Categories: Pigeons

Get set for the 2007 racing season

The end of may and first week of June marked the ­beginning of the 2007 racing pigeon season. Issue date…

In general, most organisations have 20 to 24 race events on their calendar, with the racing distances varying between 180km and 1 100km.

Slow down the training pace

The race team needs to learn to enter the loft through the trapping post before training starts. Just one pigeon that can’t enter the loft properly could teach the entire flock bad manners. The race team should be disciplined as a group, but remember to allow more time for younger pigeons to catch up with their older teammates.

If bonding was not sufficient during weaning, you could slow down the pace of the pre-training period to build a relationship with the birds on an individual basis. Take the time to make your pigeons feel content, happy and settled, so they can react well to the training system. Unhappy and unsettled birds do not win races – in fact, most flyaways fall within this category.

Only once the birds are airborne and have mastered flying around the house every afternoon, should you teach them to fly as a pack. Forming a kit comes naturally as racing pigeons are insecure when young and prefer company when in the air.

The muscles should be well trained to endure the strain of flying. When pigeons are trained on the road too quickly, it could harm their muscles. If a good youngster fails to orientate but returns a few days later, give it time to recover by gradually bringing it back into the training programme.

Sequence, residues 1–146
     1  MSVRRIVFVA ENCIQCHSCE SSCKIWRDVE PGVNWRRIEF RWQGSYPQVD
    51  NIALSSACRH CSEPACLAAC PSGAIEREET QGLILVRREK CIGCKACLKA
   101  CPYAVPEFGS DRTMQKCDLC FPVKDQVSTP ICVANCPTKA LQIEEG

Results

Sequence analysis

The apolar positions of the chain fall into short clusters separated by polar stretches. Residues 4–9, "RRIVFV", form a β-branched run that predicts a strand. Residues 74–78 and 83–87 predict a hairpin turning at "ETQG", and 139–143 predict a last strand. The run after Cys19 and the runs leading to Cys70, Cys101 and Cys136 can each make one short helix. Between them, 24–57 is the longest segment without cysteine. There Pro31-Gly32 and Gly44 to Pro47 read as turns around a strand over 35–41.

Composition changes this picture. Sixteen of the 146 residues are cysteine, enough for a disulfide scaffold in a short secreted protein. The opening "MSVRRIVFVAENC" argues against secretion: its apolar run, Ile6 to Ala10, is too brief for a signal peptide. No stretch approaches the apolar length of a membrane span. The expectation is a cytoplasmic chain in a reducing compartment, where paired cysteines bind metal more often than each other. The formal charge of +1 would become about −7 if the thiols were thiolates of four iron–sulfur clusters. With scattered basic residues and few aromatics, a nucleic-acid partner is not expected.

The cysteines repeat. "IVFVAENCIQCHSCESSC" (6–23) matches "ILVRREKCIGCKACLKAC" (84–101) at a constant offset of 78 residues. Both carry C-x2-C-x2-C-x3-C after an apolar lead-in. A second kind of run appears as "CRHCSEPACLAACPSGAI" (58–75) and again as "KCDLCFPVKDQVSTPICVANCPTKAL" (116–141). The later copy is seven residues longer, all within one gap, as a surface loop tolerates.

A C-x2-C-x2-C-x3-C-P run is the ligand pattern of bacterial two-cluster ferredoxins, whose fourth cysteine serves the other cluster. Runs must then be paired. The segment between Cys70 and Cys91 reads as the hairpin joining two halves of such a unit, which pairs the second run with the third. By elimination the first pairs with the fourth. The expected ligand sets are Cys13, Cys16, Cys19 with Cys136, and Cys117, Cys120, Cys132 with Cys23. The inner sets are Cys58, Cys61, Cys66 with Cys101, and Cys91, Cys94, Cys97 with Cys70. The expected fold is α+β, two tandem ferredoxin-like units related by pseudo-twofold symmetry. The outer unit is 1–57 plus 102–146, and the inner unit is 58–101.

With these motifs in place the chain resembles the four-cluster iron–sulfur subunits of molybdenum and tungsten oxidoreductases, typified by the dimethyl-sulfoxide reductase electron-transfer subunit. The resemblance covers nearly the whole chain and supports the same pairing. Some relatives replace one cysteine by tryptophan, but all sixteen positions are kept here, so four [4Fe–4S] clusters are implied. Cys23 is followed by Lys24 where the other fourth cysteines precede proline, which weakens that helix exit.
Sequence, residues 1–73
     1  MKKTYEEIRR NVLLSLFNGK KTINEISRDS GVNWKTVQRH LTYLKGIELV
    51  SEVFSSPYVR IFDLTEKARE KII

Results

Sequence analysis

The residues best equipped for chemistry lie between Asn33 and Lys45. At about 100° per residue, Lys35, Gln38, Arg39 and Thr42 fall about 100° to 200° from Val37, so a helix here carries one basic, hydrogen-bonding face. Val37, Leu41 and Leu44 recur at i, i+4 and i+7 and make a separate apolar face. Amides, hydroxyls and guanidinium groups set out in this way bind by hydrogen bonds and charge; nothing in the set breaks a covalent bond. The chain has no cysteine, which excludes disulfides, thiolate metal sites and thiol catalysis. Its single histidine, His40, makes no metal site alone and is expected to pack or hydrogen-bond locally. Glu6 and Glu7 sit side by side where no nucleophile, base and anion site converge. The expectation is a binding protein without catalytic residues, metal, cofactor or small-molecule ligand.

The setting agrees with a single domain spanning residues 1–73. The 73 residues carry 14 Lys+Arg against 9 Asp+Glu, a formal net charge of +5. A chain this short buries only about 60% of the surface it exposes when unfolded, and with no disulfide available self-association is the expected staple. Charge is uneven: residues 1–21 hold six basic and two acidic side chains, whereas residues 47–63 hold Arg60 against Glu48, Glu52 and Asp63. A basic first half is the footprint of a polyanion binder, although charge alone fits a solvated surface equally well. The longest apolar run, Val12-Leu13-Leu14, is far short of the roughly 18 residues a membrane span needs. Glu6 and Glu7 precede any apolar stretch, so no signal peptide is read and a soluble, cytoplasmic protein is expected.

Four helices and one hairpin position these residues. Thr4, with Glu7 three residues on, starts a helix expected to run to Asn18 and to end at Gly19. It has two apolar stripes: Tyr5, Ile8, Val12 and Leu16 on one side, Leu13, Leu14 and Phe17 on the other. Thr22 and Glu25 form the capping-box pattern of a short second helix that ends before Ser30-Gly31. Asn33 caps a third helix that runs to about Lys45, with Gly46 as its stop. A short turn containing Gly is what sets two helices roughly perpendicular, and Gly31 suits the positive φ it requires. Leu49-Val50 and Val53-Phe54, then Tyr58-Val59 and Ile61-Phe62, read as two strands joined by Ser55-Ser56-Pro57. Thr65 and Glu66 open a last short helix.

The training programme

Most training programmes consist of interchangeable home and road training. Home training starts six to eight weeks before the races. Only once the birds kit well and are able to fly for at least an hour around the loft, are they taken on the road to fly back home.

Some fanciers release the birds 100km from home for their first road training experience. While this system may work well for some fanciers whose birds orientate better from an early age, many losses are still reported. Other fanciers nurse their birds when it comes to training and may only release them a few kilometres away from home for their first road experience.

Some fanciers fly their birds for half an hour twice a day, while others push for an hour a day in one session, be it in the morning or the afternoon. Then there are those who allow for a lunch-time exercise of 20 to 30 minutes each day. Road training is undertaken one to three times a week with another release on a Saturday before a race starts. The birds that are not entered into a Saturday race might get some road training. The Saturday distance is normally further than the mid-week road training distances. – Thomas Smit

Contact Thomas Smit on (011) 680 4778 or e-mail

Published by
Caxton Magazines
Tags: birdschampioncontentexercisefanciersnurseprogrammeracing pigeonsteammatestraining pace

Recent Posts

Farmers welcome sharp decline in fuel prices

The large drop in the diesel price that can be expected for December, as announced by the Automobile Association (AA)…

10 hours ago

A healthy profit from pasture-raised eggs

As a technician specialising in the installation and repair of gates, Rico Vergotine had little reason to be interested in…

11 hours ago

Israeli-inspired chickpea burgers

Veganism is a growing global trend, and many of us will serve dinner or lunch to a vegan guest at…

11 hours ago

EkoNiva producing more than 1 300t of milk a day!

EkoNiva-APK is a leading milk producer in Russia and Europe. Sophisticated technology and facilities are largely behind its success.

1 day ago

Agri leaders respond to recommendation to amend Constitution

The Joint Constitutional Review Committee has adopted a resolution that Section 25 of the Constitution must be amended to allow…

1 day ago

Water rights: what to do when expanding an operation

Adding to a farming operation or agribusiness is not simply a matter of obtaining more land. James Brand, senior associate…

2 days ago

This website uses cookies.